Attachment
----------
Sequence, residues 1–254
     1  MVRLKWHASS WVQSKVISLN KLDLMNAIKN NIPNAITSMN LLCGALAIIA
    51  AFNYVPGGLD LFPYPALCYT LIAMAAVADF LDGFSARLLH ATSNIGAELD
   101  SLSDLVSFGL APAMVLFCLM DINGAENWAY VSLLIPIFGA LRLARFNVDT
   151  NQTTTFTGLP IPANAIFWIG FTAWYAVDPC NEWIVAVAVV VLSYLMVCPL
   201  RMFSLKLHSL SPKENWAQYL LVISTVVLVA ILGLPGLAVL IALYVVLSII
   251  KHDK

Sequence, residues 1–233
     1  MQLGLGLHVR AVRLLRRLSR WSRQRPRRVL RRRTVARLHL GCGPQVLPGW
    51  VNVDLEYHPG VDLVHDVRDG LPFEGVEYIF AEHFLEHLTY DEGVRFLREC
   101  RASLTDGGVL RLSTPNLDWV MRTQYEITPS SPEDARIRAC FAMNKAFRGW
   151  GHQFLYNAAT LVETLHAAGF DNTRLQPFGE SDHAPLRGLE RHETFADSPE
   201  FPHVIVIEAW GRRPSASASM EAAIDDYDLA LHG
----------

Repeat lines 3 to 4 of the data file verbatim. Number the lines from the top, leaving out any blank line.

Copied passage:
    51  AFNYVPGGLD LFPYPALCYT LIAMAAVADF LDGFSARLLH ATSNIGAELD
   101  SLSDLVSFGL APAMVLFCLM DINGAENWAY VSLLIPIFGA LRLARFNVDT